I hope that Jack, and each who died in 2017, now rests in Peace.  I hope that the people who loved them may find comfort in loving memories.  I hope that brushes with mortality enable us to live more fully and love more deeply until we are the ones resting in Peace.

© 2018 Caring Choices

Your Wishes are Important, But They’re NOT the Only Consideration

In my role as a hospice social worker, I have encountered patients who have an able and involved network of family and friends in caregiving roles.  They are the fortunate few.  More often than not, the situation is an elderly married couple whose children live in other states and who have a dwindling network of friends who are able to assist.  Or, the patient is a middle-aged person who is riddled with cancer or an advanced illness needing 24/7 care and the only person available is their 20-something child or their spouse.  No one person can provide 24/7 caregiving for very long.  There’s no shame in admitting that help is needed; there’s no shame in accepting when help is offered.

Much of the focus on end-of-life healthcare planning is centered on the patient’s choices.  Caring Choices advocates strongly for patients to consider their options and discuss healthcare choices with their healthcare team and people they love.  We also, however, advocate for meaningful conversations that encompass not only the healthcare choices but also the caregiving needs, the availability of options, and how those options will be financed.

Depending on which article you ready, 75-90% of Americans wish to die in their own home.  Dying in your home, for those who want that, can be a peaceful, comfortable end if there are adequate planning conversations long before the chronic illness progresses or the terminal diagnosis is pronounced.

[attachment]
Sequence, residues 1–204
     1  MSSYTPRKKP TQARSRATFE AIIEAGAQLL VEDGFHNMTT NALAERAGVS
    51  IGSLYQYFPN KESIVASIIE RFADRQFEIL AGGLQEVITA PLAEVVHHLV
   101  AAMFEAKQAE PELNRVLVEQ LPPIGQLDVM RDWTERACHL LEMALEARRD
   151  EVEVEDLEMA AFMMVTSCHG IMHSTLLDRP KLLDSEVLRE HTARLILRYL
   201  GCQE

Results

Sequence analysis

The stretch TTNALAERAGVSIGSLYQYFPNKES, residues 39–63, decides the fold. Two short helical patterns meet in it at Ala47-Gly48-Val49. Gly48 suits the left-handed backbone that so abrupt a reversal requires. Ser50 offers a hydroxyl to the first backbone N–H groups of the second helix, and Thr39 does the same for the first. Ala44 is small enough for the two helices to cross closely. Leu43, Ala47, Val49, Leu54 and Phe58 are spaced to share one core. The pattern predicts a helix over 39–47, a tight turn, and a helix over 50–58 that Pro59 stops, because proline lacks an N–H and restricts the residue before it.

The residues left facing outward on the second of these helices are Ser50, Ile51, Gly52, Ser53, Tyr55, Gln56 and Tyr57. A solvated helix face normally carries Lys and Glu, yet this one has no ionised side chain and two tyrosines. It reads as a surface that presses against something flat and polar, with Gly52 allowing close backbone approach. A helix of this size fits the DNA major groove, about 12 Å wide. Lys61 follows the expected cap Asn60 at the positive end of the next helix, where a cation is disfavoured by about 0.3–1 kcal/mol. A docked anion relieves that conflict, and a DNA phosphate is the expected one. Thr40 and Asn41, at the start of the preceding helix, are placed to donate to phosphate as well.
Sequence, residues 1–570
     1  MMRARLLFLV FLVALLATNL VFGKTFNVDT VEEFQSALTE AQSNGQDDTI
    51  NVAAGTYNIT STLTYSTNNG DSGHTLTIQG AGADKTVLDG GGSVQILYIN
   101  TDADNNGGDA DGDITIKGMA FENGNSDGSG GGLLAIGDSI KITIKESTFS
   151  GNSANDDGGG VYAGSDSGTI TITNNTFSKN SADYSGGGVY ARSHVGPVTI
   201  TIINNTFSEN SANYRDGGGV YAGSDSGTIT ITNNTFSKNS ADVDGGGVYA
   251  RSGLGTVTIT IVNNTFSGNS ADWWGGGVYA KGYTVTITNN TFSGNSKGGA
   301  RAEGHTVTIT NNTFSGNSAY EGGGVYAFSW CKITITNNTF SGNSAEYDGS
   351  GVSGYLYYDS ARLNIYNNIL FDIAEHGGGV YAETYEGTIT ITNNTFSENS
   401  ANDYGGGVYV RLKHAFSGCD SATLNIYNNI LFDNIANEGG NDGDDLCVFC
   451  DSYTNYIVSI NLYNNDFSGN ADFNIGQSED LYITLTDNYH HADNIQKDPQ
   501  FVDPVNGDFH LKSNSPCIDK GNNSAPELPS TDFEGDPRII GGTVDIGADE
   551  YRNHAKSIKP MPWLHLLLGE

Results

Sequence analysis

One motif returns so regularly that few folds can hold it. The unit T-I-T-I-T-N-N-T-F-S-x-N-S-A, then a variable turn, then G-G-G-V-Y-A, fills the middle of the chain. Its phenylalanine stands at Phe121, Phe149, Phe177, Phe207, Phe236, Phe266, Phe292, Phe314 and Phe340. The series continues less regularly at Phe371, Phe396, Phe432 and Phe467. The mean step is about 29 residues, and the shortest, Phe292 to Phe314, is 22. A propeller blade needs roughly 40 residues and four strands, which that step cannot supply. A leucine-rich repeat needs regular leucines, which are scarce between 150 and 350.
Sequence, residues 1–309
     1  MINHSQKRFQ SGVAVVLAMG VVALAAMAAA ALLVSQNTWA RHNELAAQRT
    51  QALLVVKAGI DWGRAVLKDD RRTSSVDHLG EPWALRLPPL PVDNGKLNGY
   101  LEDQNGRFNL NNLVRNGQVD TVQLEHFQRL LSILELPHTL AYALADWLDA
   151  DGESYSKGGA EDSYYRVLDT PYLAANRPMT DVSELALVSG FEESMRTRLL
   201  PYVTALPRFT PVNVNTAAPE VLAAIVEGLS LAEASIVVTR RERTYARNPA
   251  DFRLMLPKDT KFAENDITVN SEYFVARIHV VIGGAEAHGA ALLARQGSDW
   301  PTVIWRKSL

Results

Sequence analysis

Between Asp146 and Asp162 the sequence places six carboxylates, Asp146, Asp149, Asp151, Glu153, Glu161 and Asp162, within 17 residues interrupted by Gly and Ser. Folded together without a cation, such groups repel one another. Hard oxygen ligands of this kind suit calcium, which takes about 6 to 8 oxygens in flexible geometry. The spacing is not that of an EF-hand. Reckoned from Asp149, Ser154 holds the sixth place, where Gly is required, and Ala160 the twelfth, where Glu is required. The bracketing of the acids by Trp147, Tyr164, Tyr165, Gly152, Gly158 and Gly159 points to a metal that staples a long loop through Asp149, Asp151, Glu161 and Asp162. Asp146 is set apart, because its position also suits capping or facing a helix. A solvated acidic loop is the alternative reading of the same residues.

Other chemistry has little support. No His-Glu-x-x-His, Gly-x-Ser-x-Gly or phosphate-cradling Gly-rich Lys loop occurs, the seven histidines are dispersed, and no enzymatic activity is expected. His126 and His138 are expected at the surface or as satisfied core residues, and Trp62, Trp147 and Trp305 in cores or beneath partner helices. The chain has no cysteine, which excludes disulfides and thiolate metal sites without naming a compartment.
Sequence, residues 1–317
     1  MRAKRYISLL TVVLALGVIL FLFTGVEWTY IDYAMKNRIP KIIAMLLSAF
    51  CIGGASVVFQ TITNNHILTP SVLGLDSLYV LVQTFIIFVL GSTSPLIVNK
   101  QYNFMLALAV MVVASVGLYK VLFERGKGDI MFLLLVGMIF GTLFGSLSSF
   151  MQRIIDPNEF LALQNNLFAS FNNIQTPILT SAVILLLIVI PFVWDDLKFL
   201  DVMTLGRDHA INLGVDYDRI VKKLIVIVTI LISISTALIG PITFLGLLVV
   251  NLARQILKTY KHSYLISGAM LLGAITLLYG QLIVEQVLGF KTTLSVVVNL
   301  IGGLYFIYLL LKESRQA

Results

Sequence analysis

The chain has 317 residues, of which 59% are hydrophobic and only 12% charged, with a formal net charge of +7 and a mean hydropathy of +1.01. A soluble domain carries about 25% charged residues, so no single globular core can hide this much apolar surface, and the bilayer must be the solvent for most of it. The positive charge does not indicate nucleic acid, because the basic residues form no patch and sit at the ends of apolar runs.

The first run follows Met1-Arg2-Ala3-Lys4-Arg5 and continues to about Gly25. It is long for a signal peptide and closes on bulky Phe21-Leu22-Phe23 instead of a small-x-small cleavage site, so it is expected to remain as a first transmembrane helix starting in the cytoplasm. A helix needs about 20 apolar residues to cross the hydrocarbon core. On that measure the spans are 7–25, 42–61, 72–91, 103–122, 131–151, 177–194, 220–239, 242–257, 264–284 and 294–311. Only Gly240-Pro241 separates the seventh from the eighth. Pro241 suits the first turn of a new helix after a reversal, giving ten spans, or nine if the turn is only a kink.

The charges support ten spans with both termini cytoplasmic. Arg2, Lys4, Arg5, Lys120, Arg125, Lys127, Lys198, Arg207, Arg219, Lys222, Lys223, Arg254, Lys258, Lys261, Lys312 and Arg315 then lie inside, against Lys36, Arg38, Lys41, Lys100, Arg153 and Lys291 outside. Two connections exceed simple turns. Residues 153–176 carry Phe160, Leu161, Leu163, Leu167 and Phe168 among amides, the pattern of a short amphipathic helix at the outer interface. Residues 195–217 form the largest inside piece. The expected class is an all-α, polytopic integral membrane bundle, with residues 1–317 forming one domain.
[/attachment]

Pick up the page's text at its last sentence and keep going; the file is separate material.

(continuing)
In order to remain at home through the end of life, you will need help.  This is a fact that you need to wrap your brain around before you read further.  YOU WILL NEED HELP whether you are the patient or the caregiver.

My first recommendation is to look within your family/friend circles to find private duty caregivers.  Typically, these are people you already know and trust.  Some will supplement caregiving out of the goodness of their own heart; others may ask for (or you may offer) minimal remuneration ($10-18/hour).  This is also the network who will most often provide meals, run errands, visit and provide some relief of the caregiving role.  They key is to ASK them for the help you need; people don’t know until they’re asked.

A second option is hiring caregivers privately through homecare agencies. These caregivers help provide care for yourself or your loved one at home in addition to enlisting hospice services.  Many agencies provide in depth training on how to provide care from bathing/dressing to bedsore prevention and caring for people with dementia.  Some agencies, however, do not provide much training.  You want to be certain you are asking agencies about the training they give their staff.  In our local area, these agencies typically charge between $22-25/hour depending on the level of care needed.  That adds up to a lot of money pretty quickly.